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View Full Version : Photon-photon collisions - observed, or not?



Jean Tate
2010-Apr-17, 08:16 AM
In my Universe Today article Magnetic Fields in Inter-cluster Space: Measured at Last (http://www.universetoday.com/2010/04/14/magnetic-fields-in-inter-cluster-space-measured-at-last/), I said:
A very neat [trick], one that relies on physics not directly tested in any laboratory, here on Earth, and unlikely to be so tested during the lifetime of anyone reading this today the production of positron-electron pairs when a high energy gamma ray photon collides with an infrared or microwave one (this can't be tested in any laboratory, today, because we can't make gamma rays of sufficiently high energy, and even if we could, they'd collide so rarely with infrared light or microwaves we'd have to wait centuries to see such a pair produced).
Leaving aside the TeV gamma-infrared or microwave part, for the moment, have any photon-photon collisions resulting in pair-production been observed (in a particle collider instrument perhaps)?

I've found references to reports of such, using LEP, involving GeV photons, but the collisions seem to be "quasi-real". How do these results relate to the real collisions between TeV gammas (from blazars) and microwave (the CMB) or infrared (EBL) photons? And what does "quasi-real" mean anyway??

And what would you say are the prospects of observing pair-production from TeV-IR or TeV-microwave photon collisions, in a laboratory here on Earth?

Jeff Root
2010-Apr-17, 08:40 AM
Note that photon energy is relative. A collision between two photons of say,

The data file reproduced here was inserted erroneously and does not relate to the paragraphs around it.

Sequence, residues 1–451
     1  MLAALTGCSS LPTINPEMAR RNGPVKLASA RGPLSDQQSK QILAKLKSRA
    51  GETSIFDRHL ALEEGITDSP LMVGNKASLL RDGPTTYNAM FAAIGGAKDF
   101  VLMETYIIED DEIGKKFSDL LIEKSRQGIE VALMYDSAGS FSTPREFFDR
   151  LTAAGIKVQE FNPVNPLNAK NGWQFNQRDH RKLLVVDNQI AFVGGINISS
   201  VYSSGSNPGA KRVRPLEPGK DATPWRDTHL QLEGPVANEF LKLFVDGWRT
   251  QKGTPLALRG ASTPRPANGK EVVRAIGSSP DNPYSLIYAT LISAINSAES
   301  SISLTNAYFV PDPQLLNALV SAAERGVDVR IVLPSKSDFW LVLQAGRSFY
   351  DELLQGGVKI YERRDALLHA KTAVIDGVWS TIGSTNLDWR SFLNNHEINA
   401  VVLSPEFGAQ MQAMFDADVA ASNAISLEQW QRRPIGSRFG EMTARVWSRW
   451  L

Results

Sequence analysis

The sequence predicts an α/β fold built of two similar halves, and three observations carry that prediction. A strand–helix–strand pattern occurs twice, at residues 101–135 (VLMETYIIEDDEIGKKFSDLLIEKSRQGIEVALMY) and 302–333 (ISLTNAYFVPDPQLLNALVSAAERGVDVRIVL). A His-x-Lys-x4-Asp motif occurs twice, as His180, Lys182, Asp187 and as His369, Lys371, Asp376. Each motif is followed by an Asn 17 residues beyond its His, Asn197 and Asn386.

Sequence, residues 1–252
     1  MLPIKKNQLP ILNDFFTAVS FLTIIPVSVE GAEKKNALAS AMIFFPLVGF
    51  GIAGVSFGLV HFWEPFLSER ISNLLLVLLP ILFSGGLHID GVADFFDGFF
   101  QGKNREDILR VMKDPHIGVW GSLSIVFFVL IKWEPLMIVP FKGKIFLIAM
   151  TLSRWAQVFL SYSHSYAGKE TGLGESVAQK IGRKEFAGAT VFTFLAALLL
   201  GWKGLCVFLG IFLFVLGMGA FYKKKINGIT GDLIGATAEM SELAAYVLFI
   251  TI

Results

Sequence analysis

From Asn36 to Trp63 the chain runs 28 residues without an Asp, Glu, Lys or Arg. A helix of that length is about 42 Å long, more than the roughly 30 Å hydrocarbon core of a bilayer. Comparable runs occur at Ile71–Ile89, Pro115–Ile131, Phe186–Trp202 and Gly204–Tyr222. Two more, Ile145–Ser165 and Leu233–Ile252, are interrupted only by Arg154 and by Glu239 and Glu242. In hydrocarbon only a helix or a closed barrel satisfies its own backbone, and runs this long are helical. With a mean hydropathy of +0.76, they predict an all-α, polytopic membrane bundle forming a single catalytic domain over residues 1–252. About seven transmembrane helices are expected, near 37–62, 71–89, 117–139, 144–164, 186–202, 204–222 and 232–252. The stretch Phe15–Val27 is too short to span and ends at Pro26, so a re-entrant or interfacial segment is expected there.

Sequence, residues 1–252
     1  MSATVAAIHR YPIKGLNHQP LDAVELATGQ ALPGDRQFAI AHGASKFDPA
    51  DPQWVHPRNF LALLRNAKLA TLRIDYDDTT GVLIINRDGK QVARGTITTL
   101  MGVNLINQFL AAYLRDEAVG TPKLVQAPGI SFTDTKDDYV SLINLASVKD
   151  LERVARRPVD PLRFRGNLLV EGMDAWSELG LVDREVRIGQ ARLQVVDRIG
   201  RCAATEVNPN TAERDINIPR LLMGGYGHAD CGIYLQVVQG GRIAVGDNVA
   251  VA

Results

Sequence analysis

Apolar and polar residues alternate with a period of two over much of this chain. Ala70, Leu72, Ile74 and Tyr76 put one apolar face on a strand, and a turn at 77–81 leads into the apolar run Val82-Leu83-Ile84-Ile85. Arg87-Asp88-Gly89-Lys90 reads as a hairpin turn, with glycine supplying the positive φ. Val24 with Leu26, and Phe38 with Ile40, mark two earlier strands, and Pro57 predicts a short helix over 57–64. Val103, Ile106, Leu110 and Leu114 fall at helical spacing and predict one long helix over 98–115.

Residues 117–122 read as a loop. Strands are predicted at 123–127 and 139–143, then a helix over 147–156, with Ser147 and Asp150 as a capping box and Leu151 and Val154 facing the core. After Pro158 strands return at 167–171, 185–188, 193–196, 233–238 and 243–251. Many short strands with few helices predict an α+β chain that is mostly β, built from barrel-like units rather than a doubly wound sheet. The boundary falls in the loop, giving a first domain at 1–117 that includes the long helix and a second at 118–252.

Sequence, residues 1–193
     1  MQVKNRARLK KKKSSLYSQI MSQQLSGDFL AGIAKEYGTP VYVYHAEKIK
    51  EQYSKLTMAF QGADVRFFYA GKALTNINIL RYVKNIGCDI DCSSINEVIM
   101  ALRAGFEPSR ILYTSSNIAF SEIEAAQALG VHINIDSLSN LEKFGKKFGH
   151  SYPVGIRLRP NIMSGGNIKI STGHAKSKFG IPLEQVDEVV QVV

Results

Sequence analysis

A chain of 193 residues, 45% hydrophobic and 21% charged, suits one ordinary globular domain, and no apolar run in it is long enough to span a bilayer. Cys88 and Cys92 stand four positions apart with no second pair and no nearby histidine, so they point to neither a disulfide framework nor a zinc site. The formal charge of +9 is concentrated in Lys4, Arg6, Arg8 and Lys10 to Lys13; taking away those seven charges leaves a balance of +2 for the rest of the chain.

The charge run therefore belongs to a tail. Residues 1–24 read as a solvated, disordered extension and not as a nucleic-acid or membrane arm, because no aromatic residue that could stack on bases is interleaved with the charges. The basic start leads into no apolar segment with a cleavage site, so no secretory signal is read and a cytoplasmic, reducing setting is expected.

1 MeV is identical to a collision between a 1 TeV photon and a 1 eV photon.

-- Jeff, in Minneapolis

astromark
2010-Apr-17, 09:05 AM
What does 'Quasi-real' mean... ? It means its not. That in theories it should. That it could or even should... but that it does not. It does not behave as thought it would. Quasi = Not. Zip, zilch, Nada, zero. ...:eh: and does a photon ever actually collide ? or just get absorbed... refract, deflect..
It might be a question for a laser technician., or some one from CERN. I do not understand how we can test this. Can we ?

cosmocrazy
2010-Apr-17, 10:00 AM
A good point Astro and I was under the assumption that photons interfered with each other in wave forms rather than actually collide per-say?

Tensor
2010-Apr-18, 03:12 AM
Quasi-real means that pair production has been observed when a high enough energy (whether it's gamma ray or high energy x-rays as long as it has 1.02 MeV to create a electron-positron pair)photon collides with the electric field of an atom. The quasi part is in there because the electric field can be thought of as photons, but usually isn't in the case of a field.

astromark
2010-Apr-18, 04:00 AM
Quasi-real means that pair production has been observed when a high enough energy (whether it's gamma ray or high energy x-rays as long as it has 1.02 MeV to create a electron-positron pair)photon collides with the electric field of an atom. The quasi part is in there because the electric field can be thought of as photons, but usually isn't in the case of a field.

You might attach that meaning to those word groups... That does not look anything like the meaning of the words, to me...
Quasi-real., and pretending to be real. Might have some place in this. What ever it is that Tensor has just said... of which I have know idea.
I will look for a little more logic :o:sorry.

Shaula
2010-Apr-18, 02:56 PM
You might attach that meaning to those word groups... That does not look anything like the meaning of the words, to me...
Quasi-real., and pretending to be real. Might have some place in this. What ever it is that Tensor has just said... of which I have know idea.